Virulence and Disease Data

Access Virulence and Disease Data on the PATRIC Website

This data can be accessed under the “Diseases” tab on any PATRIC Organism landing page and presents an overview of integrated host-pathogen data from an infectious disease perspective.  It is present for every taxon in PATRIC for which we have infectious disease data that is associated with either the taxon itself or any children taxa.

Available Data and Features

There are three tabs located midway down a Disease Overview page: “Summary”, “Disease-Pathogen Visualization”, and “Disease Map”.

The Summary tab provides an overview of disease, pathogen, and gene information including:

  • A list of PubMed literature specifically related to the associated disease.  This list is collapsible by clicking the arrow in the header row.  Articles may be accessed directly by clicking the associated PubMed ID.
  • An Infectious Disease Overview table containing pathogens and their associated MeSH disease terms, links to tables of known virulence factors, and links to tables of associated human genes.  From the Infectious Disease Overview table you may:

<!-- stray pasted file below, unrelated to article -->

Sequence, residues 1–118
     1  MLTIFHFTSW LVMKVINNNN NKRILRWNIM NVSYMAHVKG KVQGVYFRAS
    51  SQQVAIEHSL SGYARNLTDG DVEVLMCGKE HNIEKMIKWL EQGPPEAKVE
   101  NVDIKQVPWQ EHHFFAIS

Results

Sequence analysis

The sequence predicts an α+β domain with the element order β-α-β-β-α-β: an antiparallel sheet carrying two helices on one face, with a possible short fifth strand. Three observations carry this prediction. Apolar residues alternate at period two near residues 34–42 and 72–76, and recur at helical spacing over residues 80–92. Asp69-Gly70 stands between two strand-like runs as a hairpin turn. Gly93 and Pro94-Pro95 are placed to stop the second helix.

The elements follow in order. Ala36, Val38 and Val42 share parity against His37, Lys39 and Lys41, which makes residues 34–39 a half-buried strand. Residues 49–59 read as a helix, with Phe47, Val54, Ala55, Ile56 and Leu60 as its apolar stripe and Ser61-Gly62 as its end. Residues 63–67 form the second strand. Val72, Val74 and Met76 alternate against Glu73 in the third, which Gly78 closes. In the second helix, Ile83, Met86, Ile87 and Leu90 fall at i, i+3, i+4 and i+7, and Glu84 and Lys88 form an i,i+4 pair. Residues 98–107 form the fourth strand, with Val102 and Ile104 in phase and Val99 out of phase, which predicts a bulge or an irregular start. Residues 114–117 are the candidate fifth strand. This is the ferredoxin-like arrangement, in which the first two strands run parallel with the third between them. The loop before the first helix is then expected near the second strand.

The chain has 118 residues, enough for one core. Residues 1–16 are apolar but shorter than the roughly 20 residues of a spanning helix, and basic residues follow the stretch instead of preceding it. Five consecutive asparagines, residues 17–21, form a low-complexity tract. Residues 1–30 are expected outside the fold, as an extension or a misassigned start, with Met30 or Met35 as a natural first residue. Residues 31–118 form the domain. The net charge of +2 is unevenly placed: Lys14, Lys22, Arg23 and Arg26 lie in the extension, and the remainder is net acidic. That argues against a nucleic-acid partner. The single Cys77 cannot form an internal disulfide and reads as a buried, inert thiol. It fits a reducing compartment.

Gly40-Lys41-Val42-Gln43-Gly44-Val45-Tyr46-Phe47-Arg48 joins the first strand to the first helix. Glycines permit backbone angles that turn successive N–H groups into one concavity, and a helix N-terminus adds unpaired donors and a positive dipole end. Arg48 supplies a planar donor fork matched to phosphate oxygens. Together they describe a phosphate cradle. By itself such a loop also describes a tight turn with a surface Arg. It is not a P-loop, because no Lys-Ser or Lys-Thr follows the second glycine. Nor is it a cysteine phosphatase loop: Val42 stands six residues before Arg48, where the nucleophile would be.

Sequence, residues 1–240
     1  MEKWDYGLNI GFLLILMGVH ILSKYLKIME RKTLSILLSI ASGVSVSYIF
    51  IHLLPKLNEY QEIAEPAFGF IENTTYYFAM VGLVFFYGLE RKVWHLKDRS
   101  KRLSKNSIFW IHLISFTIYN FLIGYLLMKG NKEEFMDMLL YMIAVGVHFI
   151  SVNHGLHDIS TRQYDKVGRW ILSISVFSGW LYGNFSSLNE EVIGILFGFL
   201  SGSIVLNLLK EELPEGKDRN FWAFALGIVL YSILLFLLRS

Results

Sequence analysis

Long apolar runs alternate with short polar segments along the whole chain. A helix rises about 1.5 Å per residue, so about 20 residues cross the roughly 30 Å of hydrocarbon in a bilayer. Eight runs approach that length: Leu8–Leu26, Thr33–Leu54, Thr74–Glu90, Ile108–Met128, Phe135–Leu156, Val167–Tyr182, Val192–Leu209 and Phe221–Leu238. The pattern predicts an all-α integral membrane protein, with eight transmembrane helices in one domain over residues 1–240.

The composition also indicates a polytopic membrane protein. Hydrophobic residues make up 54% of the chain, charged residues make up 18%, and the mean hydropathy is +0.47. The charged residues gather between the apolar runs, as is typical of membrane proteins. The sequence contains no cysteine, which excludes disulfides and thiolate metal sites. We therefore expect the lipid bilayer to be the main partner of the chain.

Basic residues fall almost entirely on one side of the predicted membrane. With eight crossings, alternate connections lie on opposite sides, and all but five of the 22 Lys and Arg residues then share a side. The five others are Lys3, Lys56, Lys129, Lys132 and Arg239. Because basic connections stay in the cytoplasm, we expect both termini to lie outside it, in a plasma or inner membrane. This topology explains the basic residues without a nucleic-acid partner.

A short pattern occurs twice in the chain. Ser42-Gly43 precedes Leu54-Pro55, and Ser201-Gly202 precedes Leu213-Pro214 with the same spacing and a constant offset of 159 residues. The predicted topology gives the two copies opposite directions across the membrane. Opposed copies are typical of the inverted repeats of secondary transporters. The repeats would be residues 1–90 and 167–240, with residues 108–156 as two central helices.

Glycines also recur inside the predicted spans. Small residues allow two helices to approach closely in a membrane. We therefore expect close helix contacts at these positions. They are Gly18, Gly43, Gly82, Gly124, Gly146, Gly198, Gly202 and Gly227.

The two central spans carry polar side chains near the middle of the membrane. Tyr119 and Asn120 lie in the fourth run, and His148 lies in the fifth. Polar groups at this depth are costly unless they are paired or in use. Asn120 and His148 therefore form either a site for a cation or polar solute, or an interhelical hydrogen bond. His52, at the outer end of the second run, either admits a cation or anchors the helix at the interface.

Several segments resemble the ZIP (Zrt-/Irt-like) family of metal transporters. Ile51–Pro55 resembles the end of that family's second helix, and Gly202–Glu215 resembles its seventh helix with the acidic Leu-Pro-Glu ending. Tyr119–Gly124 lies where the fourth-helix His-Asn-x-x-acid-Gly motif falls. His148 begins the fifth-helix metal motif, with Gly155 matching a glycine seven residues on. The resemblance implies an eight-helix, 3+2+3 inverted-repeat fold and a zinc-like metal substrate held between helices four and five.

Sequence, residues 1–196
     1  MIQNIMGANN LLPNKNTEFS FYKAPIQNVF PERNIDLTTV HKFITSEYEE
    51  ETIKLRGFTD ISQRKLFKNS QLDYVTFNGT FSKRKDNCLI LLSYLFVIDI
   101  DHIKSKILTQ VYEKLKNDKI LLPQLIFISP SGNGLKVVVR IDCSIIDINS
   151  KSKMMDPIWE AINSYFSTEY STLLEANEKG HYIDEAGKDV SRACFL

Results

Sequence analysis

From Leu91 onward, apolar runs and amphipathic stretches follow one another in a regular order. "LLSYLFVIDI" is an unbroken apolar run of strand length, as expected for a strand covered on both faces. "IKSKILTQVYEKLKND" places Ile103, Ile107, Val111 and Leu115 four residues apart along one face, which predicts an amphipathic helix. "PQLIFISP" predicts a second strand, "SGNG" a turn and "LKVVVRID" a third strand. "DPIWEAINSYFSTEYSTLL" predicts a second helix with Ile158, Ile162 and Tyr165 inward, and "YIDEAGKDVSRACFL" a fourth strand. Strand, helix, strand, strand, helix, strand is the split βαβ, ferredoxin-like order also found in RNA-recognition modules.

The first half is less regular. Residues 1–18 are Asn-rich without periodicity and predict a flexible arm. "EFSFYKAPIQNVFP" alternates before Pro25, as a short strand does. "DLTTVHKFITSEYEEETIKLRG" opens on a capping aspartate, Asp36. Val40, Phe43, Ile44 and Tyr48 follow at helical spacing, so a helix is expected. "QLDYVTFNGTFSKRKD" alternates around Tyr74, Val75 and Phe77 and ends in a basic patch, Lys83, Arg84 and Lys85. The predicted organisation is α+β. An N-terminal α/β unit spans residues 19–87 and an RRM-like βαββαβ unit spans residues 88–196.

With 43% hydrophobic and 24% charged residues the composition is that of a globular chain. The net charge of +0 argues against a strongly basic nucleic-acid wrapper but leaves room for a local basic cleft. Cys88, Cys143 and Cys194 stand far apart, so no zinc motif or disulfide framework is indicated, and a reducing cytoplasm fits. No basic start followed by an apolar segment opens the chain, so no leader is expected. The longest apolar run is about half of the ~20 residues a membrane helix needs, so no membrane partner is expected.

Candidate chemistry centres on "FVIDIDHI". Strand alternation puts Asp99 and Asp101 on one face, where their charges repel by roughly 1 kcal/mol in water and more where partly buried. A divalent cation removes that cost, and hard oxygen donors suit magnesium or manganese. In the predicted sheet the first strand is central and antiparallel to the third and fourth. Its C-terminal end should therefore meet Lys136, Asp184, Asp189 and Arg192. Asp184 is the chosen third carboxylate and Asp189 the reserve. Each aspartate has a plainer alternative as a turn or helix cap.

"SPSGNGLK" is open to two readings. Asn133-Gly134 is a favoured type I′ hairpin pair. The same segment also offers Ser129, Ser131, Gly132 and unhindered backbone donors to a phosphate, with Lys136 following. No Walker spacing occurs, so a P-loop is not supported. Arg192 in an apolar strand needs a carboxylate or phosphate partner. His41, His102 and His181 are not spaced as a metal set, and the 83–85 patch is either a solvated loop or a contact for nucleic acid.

• Access the National Library of Medicine MeSH Descriptor Data by clicking on any MeSH Disease Term.
    • Access a specific PATRIC Organism landing page by clicking on a Pathogen.
    • Access a Virulence Disease table by clicking on a number within the Pathogen Virulence Genes column.
      • The Virulence Genes tab of this table lists bacterial genes that have been shown to play a role in virulence.  From here you can read general information about each gene, access the original entry in the Virulence Factor Database (VFDB), and find PATRIC homologs of a given gene.
      • The Virulence Gene Homologs tab lists homologs of known virulence genes in related PATRIC species (i.e., organisms in the same genus).  From this tab you can access PATRIC features for each gene.
    • Access tables of human genes associated with each disease, including genetic and chemical evidence for the associations by clicking on a number within the Human Disease Genes columns.